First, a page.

Almost four years ago my job began to take me into the NYC area for business. Over the years I have gotten to sample mind bending yakitori, mediocre BBQ, Vietnamese/French mashups and true fine dining in Manhattan. I returned today from another visit to the City and have some very good news to share. A rose grows in Brooklyn! After years of searching, I found a BBQ restaurant in NYC worthy of a BBQgeek endorsement. Fette Sau is located in the Williamsburg district of Brooklyn, NY. Williamsburg is a trendy slice of the boroughs where bums and graffiti bump up against gourmet cheese shops, cutting edge music venues, high end trendy retail, and kick ass BBQ. Unassuming and slightly difficult to locate from the sidewalk, Fette Sau strives to offer high quality, locally sourced and properly cooked beef and pork BBQ, homecooked sides, and a fully stocked bar. From my slightly shaky and poorly shot video perspective you can hopefully see that the masses agree that Fette Sau is bringing a quality product to the (picnic) table. What follows is a photo diary with commentary on my Mother's Day meal at Fette Sau
There are only two clues to the location of Fette Sau - the smokey smell drifting around the sidewalk and the minimalist neon sign out front of the restaurant.
The entrance corridor to Fette Sau. As you can see, things are well underway at only 6:30pm.
After a thirty minute wait in line, I begin to approach the Meat Locker. Fette Sau approaches their menu a little differently than most. Meats are sold by the pound. You can order by the fraction of a pound, by the number of bones, or by the slice. Meats are weighed out and tickets are hand written and then sides are added to the tray. The serving and seating style is communal which really adds to the electric vibe of the space. While waiting in line I overheard several conversations where regular customers were initiating their guests to what lay on the tray in front of them for dinner. The tone of every singule conversation bordered on evangelistic. "These ribs are the BEST EVER! You HAVE TO TRY THEM!!"
The Meat Locker - Most everything looked great except the pulled pork (seen drying out and dying there in the back center). Sunday's menu featured pork and beef cheeks, spare ribs, beef ribs, bone-in pork belly, and spicy sausage.
The Backbone of the Operation- A Southern Pride 250 smoker. I don't think these are available new any longer from Southern Pride. Based on the number of people I saw in the restaurant this evening, Fette Sau undersized their smoker and could have easily gone with a unit twice as large.
My meal for the evening (beginning front left corner and working counter clockwise) - Bone-in pork belly, Beef brisket, German potato salad, beans, and pork spare ribs. The belly sounded like a great idea but was far too fatty to be yummy. It really needed to be rendered a lot further. The fat was chewy and a bit gross. The meat to fat ratio was just off. The brisket was great, although a little dry. Again, I think this is an issue with how Fette Sau holds their meats for service.
I really enjoyed the German potato salad but kept thinking of our hometown Heirloom BBQ version that is far better. The beans were undercooked and had way too much blackstrap molasses and not enough brown sugar and tomato product. The ribs were really delicious (best of the evening) but suffered from poor butchering. I got a bunch of boney bits that detracted from my enjoyment. The shocking bit about this tray was the cost. $42 for just the food. By the time I had added an alcoholic cider to the mix, I was in for $50. Without question, this was the most I have ever paid for a single serving of BBQ. Granted I asked for more than I could eat so I could sample a bit of it all, but DAMN!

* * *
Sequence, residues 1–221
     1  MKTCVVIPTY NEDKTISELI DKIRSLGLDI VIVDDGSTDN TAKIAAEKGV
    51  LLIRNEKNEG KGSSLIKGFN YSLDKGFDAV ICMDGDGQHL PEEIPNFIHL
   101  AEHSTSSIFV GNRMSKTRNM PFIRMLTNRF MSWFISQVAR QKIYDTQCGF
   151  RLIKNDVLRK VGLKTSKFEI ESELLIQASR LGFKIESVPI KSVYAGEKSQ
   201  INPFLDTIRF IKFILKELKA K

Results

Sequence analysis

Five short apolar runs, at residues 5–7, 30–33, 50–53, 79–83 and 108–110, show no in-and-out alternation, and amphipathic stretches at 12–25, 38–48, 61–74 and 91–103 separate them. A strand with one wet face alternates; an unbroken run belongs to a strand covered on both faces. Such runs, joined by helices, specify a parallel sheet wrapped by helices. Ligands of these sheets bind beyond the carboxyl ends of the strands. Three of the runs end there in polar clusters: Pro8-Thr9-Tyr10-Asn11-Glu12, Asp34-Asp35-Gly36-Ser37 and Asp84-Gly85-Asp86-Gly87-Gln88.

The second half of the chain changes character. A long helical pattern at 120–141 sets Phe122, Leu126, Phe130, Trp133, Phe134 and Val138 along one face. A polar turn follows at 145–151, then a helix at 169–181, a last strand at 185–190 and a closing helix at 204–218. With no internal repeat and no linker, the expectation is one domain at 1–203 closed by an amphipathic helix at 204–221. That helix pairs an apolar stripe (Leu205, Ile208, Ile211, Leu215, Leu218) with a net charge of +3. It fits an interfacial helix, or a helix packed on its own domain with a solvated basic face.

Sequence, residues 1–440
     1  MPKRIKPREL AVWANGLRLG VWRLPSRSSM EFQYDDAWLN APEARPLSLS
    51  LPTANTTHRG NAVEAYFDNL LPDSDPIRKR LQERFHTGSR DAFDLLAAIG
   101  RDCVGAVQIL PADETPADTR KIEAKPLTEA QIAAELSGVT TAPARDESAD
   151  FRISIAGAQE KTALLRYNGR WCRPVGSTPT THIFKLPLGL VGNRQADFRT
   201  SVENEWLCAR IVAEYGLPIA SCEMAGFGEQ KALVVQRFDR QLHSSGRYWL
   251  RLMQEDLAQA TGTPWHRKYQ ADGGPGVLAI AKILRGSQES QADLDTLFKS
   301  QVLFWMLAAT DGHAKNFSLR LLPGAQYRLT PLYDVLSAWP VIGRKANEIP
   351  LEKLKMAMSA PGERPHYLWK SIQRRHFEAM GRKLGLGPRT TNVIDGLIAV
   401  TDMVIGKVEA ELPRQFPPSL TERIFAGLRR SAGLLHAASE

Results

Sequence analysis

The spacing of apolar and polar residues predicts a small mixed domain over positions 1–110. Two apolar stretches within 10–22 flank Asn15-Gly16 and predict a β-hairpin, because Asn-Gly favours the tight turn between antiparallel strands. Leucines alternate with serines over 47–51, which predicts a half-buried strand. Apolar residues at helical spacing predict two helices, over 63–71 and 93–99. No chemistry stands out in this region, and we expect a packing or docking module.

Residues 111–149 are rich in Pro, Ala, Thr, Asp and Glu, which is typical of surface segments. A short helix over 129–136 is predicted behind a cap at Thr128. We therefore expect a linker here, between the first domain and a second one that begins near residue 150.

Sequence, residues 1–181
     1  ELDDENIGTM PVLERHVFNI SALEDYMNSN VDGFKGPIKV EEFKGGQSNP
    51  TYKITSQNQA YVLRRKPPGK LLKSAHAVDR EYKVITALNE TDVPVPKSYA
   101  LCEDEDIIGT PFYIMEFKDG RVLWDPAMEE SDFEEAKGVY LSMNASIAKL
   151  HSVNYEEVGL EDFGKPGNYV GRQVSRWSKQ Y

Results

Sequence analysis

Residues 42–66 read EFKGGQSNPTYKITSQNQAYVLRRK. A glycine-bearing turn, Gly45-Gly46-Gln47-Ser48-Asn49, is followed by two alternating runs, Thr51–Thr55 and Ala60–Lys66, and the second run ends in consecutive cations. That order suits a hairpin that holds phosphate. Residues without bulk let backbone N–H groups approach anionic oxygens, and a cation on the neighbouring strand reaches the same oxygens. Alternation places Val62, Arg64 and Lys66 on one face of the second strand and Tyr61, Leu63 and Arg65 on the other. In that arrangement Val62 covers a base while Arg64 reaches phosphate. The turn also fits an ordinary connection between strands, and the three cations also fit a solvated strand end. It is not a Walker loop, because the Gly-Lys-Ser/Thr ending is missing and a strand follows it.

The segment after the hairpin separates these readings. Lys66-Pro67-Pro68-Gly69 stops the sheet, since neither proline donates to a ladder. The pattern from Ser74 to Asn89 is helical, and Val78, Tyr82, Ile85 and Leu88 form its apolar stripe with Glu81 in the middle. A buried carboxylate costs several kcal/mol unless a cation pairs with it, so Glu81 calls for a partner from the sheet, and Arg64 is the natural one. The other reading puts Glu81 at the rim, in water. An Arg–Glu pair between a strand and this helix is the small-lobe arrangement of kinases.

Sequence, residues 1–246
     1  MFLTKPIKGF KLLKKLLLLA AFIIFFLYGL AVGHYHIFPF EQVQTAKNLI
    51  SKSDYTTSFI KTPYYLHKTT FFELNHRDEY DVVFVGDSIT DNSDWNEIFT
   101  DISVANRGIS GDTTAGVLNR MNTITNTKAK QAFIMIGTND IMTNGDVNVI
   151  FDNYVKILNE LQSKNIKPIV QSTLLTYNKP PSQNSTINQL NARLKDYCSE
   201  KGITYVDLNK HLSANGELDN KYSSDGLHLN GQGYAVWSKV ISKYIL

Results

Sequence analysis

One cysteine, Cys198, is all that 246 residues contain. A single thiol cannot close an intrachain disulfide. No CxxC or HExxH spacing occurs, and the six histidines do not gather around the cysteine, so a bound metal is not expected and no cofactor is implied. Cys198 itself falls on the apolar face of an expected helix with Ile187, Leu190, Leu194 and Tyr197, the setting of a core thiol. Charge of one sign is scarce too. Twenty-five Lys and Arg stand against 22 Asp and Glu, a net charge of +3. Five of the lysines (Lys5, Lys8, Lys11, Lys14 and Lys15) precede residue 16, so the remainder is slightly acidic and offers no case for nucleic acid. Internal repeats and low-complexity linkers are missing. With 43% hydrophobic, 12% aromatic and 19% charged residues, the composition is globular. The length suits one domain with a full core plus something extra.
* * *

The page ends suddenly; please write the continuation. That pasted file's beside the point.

As far as sauce goes, these guys are still struggling a little in my opinion. Their vinegar sauce has a disdainful brown color but tasted fine. The best sauce of the evening was what they called their Georgia sauce - slightly tangy with some tomato - not a bad approximation of what we pull off down here.
The Bar. A great idea and extremely well executed. Fette Sau offers a nice selection of non-alcoholic beverages but really shines when it comes to the adult beverages. The whiskey list is completely boutique. The beers are well thought out and there is a nice depth to the bench of choices. Cider is a brilliant accompaniment to all of the smoked pork and that was my selection for the night. The glasses for all beverages are Bell mason jars and the pitchers are old-school apple juice jugs (awesome touch). Despite the raw appearance of the interior, a lot of attention has been paid to the details. Check out the tap pulls for the beer. Looking around the room, every picnic table had several jugs of cider or beer being shared communally. It's a small detail that carries a long way throughout the room and I'm sure it does a great job of boosting the bottom line every night.
The view from my seat at the bar towards the FOTH.
The Whole Room
Best Wallpaper Ever - I'm doing both of my daughter's rooms in it this weekend.
Verdict??? Brilliant for New Yorkers. They need to work on their sauces and they need to learn how to hold pulled pork and brisket correctly for service. Past that, the meats were well smoked with substantial bark. The sides were strong but could use a little finesse (maybe add some collards and stew??-- just a thought). Fette Sau dispels all notions that Northerners cannot cook BBQ. This restaurant would do very well in almost any Southern city. Brooklyn and NYC should be very proud of what Fette Sau is bringing to the (picnic) table every day.